Target 6 to 7 canola plants per square foot

A meta-analysis of canola yield response to plant densities found that the economic optimal canola plant stand is 6 to 7 plants per square foot assuming recent 3 year average hybrid seed cost of $11.84/lbs., and farmgate canola price of $10.22/bu, hybrid seed size of 5 gram per thousand seeds, and emergence percentage of 60%.

Research was conducting using a meta-analysis of western Canadian hybrid canola seeding rate research (85 site-years) with measured canola plant densities was conducted to estimate the average yield response due to increasing plant density. The estimated yield responses were then used to calculate value of yield added versus extra seed cost from increasing plant density and whether the current target plant population of 5 to 8 plants/ft2 (50 to 80 plants/m2) was the most economic target plant stand.

A meta-analysis involves systematically collecting and combining results from multiple studies into a single integrative statistical analysis. A marginal yield response curve was used to derive economic optimal density using different values for TSW, emergence, seed cost, and canola price.

The economic optimal canola hybrid density was estimated at 6 to 7 plant/ft2 (62-73 plants/m2) assuming a hybrid seed cost of $11.84/lbs., a canola farmgate price of $10.22/bu, and average values for hybrid seed size of 5 gram per thousand seeds and emergence percentage of 60%. This target plant stand density aligns with current Canadian recommendations.

However, at the high spring 2021 canola prices around $16/bu ($700/T), and a hybrid seed cost of $14/lbs. ($31/kg), the estimated optimal density is 7.2 to 8.6 plants/ft2 (72 to 86 plant/m2).

Scatterplot of canola marginal physical product (MPP) (kg/ha) x plant density (plants/m) data and estimated Bleasdale marginal physical product (MPP) response curve

Source: Hartman and Jeffrey. 2020

The economic analysis showed that canola price, hybrid seed price, thousand seed weight, and emergence percentage all affected the optimal economic target density. There can be combinations of these values that lead to economic densities outside the current recommended range.

Adjust for your risk tolerance

The recommended plant density range and economic optimal density from this meta-analysis should be regarded as a starting point for canola grower decision-making. Other factors can affect a canola grower’s personal risk preference for target plant densities. For example, low density leads to increased days to maturity and increased green seed. Low density also contributes to uneven maturation that may complicate harvest management.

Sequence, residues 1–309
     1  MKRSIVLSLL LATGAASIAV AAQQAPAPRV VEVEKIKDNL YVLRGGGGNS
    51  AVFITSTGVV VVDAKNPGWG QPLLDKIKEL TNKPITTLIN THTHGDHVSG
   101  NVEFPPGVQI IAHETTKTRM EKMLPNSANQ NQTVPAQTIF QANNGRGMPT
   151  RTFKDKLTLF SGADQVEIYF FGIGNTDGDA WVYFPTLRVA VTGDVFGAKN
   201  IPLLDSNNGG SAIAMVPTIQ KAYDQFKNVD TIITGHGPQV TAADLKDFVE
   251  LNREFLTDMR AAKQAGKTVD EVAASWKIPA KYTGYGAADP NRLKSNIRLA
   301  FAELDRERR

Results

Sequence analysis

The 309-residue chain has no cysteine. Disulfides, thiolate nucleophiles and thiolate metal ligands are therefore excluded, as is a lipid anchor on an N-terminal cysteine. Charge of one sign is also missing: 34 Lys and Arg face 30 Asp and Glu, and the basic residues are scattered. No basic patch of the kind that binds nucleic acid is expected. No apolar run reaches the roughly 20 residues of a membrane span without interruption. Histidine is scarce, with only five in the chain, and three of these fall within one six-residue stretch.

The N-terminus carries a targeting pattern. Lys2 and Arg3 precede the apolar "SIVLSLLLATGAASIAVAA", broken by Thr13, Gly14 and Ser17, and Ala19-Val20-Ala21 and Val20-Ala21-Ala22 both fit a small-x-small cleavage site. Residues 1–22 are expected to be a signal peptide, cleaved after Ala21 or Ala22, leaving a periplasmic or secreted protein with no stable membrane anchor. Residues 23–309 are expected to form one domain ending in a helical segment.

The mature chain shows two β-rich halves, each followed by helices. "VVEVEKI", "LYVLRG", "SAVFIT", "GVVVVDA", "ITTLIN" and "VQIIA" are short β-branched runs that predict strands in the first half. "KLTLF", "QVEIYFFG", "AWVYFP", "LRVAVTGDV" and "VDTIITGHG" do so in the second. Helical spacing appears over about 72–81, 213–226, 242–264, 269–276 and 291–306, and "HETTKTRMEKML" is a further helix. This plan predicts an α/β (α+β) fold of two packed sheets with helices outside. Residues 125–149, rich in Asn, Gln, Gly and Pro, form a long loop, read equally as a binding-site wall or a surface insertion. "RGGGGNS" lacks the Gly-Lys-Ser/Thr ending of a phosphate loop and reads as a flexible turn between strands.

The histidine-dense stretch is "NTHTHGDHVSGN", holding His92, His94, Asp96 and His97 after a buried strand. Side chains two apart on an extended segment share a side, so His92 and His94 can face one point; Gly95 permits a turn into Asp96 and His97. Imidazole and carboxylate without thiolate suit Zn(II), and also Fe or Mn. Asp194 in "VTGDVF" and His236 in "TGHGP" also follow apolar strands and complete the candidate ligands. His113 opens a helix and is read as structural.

Other issues with low plant density includes an extended flowering periods with more branching, which can make timing of sclerotinia fungicide application or harvest timing more difficult. Low plant densities also lead to plants with larger main stems, which can be slow to dry down in the fall, which can delay harvest. Increasing plant density could help overcome these risks, although at a higher seed cost.

Increased plant density from higher seeding rates can increase early season canola plant biomass, which research has shown can reduce weed biomass and competition, and soil weed seed banks. Conversely, in fields with substantial weed pressure, low canola densities increase the need for a second in-crop herbicide application. This increases cost as well as the potential for weeds developing herbicide resistance. In areas that experience high winds during fall periods, growers also often prefer higher plant populations to more firmly anchor swaths and reduce the risk of significant harvest loss.

Given that canola price, hybrid seed price, thousand seed weight, emergence percentage, and other agronomic factors contribute to optimal seeding decisions, a decision support application could help growers to determine the economic optimal density. Incorporating individual grower perspectives on factors such as green seed risk, weed management, mid-season plant loss, swath anchoring, and other agronomic factors should also be considered when developing a decision support app.

The response and contributions of contacted researchers to provide individual site-year data are gratefully acknowledged. The authors also acknowledge and thank Kyle Wheeler for providing econometric expertise in the estimation of the marginal yield response functions.

Mr. Murray D. Hartman and Dr. Scott R. Jeffrey. Estimating the economic optimal target density of hybrid canola based on data from a western Canadian meta-analysis. Canadian Journal of Plant Science. Just-IN

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